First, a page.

Musings on mashups in the university… are we getting anywhere?

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A mess …, originally uploaded by asmundur.

So yesterday was UBC’s e-Learning Open House, which is a notable event for a few reasons, not the least of which is the chance to drink frosty pints while presenting. Most of the presenters share work they’ve done that they think is especially noteworthy, and it is often most impressive indeed. My officemate Novak Rogic and I took a slightly different tack, figuring we would once again take the opportunity to evangelize a bit about what we called distributed content networks.

Nothing too wild. We divided the poster into three sections: 1) the sources (essentially stuff available by RSS feeds, with an emphasis on academic materials); 2) the mixers (aggRSSive, Pipes, tools like Google Co-Op and my new fave Grazr); and 3) where the output can be presented (anywhere, naturally, including an LMS). About half an hour before the event, Novak came up with the “digital chef” metaphor to connect the process with cooking (ingredients, etc…), and I hope we use that conceit again, it’s got potential.

Nowhere on the poster did we mention RSS. We just had lists of sources, tools and outputs. The reaction from attendees was striking. One of the special challenges of presenting in a poster-session environment is spinning a compelling narrative to a constantly changing group of listeners. Most of them entered our space just looking blankly at our materials, and when I asked them if they had any idea what they were looking at, most just laughed and said no. They typically had no knowledge of what RSS or data mashups were… in many cases I found myself circling back to explaining what a weblog was.

We had many eager listeners, a lot of them said they would follow up with me later. So I guess our presentation could be called a success. It certainly was fun. I am struck by how many people who would be interested enough in technology to attend an “e-Learning open house” would still be unaware of the basic components of social software — all those Time magazine cover stories have evidently had little effect. For all the growth, and all the advances, when I talk with the public I am still trying to explain the same things that I was five years ago. I keep expecting that one day when I walk into a room and ask who is basically familiar with what a weblog is, a bunch of hands will go up… but outside of specialized groups, it never happens.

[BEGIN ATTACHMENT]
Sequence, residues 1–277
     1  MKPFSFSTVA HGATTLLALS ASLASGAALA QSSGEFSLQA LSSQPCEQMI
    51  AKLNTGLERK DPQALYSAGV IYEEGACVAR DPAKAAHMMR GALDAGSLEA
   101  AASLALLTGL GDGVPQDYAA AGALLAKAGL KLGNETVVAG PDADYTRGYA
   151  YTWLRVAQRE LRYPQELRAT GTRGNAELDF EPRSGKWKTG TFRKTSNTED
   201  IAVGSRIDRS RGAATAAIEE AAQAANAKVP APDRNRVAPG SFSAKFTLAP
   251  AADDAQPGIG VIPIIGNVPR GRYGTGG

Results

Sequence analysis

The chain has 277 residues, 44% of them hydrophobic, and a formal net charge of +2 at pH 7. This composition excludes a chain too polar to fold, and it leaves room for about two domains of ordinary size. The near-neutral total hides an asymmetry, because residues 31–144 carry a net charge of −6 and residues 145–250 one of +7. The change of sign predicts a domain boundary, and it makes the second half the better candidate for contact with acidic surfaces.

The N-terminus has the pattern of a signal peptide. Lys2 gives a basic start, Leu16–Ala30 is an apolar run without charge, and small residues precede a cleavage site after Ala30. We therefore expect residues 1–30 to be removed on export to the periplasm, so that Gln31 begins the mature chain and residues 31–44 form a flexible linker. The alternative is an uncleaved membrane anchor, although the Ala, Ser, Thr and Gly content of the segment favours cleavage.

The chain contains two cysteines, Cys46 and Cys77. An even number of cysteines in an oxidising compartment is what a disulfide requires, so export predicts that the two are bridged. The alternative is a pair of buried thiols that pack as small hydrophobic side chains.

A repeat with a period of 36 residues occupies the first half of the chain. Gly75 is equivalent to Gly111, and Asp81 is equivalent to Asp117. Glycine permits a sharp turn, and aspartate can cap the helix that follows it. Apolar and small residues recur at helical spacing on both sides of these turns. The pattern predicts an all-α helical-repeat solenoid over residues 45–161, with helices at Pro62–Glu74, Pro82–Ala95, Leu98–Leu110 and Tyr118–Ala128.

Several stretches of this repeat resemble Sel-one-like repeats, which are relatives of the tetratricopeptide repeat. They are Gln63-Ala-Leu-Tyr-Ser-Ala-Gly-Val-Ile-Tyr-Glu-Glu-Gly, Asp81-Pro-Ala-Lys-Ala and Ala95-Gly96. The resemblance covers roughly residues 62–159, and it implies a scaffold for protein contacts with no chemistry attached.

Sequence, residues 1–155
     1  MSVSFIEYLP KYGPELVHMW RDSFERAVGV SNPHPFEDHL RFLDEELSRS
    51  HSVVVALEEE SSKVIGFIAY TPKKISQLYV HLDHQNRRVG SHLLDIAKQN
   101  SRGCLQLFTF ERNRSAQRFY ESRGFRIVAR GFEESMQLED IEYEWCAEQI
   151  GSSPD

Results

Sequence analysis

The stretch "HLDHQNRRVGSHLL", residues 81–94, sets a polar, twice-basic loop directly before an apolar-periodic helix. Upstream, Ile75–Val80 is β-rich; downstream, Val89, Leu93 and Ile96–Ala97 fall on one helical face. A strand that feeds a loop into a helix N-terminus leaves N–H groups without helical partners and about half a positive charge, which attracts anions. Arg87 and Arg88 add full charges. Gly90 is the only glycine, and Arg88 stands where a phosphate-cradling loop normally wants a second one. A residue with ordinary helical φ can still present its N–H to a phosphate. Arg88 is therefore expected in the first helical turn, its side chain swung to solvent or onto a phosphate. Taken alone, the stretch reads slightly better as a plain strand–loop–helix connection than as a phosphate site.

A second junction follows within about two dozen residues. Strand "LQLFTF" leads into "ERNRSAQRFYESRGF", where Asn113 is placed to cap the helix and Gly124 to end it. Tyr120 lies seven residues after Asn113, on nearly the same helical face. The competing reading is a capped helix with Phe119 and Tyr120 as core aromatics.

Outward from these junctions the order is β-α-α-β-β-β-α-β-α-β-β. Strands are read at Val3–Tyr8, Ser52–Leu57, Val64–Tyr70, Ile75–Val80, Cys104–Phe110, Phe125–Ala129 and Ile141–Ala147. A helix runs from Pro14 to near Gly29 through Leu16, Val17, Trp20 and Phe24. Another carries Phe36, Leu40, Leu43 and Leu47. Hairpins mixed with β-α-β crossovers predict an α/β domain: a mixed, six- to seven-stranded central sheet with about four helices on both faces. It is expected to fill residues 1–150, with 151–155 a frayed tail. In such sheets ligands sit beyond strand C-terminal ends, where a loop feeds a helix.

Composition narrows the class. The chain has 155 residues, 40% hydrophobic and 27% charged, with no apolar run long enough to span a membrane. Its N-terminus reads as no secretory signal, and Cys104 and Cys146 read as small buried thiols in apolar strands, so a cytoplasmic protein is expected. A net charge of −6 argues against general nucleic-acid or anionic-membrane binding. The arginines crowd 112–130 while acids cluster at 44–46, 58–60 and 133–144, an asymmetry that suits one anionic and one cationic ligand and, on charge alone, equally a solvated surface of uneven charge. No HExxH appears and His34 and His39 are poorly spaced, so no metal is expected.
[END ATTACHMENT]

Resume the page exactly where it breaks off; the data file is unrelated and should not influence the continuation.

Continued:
Before I start to sound more obnoxious than normal, I should stress that I don’t think this is some defect with the people. In today’s world, there are so many things that cry out for our attention. Most of us don’t know a thing about the food we eat. We don’t know where our clothing comes from, and who is making money from it. We don’t understand how our way of life changes the planet. We have only the dimmest and conflicted sense of how power is constructed and exercised. Many of us cannot explain our own behavior much of the time. We are groping to understand the fundamentals of how we learn. In a sense, technology is just one more thing most of us don’t get. It’s easy to get caught up in the hype, or to think as I often do that fluency with social software is an emerging form of essential literacy. But events like yesterday illustrate how even with an intelligent, conscientious and curious bunch of educators that some sort of essential transformation is not something that’s just going to happen around us…

On the other end of the scale, the Moose Camp session on mash-ups for non-programmers (audio here) was also a sobering experience. Certainly, the fact we could even conceive such a session seems to show just how far things have come. A tool like Yahoo Pipes promises that an ordinary person might assemble and reorder data much as we use a word processor to edit a document, an example of that emerging literacy I was talking about.

But thorny experience doesn’t play by the script. Even with these new tools and some very sharp collaborators helping me I still can’t make a modest goal (simple and coherent republication of student courseblogs) happen the way it needs to. Things break down on obscure technical levels (like how different systems output RSS — turns out the syndication standards geeks might have had a point with all that infighting I didn’t understand), and on fundamental levels as well (such as Pipes, OpenKapow and Dapper each going AWOL during one short Moose Camp session). We had no choice but to conclude that as of now, the dream of mash-ups for the masses is tantalizingly just beyond the grasp of the non-programmer. But just you wait!

It seems like a painfully familiar dynamic, expecting that just ahead things will fall into place and something utterly revolutionary will be upon us. But can we assume that things will come together the way we envision? Perhaps our fate is eternally mucking through a messy and promising set of possibilities, with enough useful bits spinning out of the maw to keep us from giving up altogether. Small victories providing a few passionate educators with the means to make big things happen inside a few people’s heads.

About Brian

I am a Strategist and Discoordinator with UBC's Centre for Teaching, Learning and Technology. My main blogging space is Abject Learning, and I sporadically update a short bio with publications and presentations over there as well...
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